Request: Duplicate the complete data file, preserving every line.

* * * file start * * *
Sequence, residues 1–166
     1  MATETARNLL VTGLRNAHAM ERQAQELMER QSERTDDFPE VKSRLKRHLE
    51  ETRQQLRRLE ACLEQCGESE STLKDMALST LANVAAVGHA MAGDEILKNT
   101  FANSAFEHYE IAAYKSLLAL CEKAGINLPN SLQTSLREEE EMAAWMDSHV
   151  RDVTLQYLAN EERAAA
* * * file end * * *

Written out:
Sequence, residues 1–166
     1  MATETARNLL VTGLRNAHAM ERQAQELMER QSERTDDFPE VKSRLKRHLE
    51  ETRQQLRRLE ACLEQCGESE STLKDMALST LANVAAVGHA MAGDEILKNT
   101  FANSAFEHYE IAAYKSLLAL CEKAGINLPN SLQTSLREEE EMAAWMDSHV
   151  RDVTLQYLAN EERAAA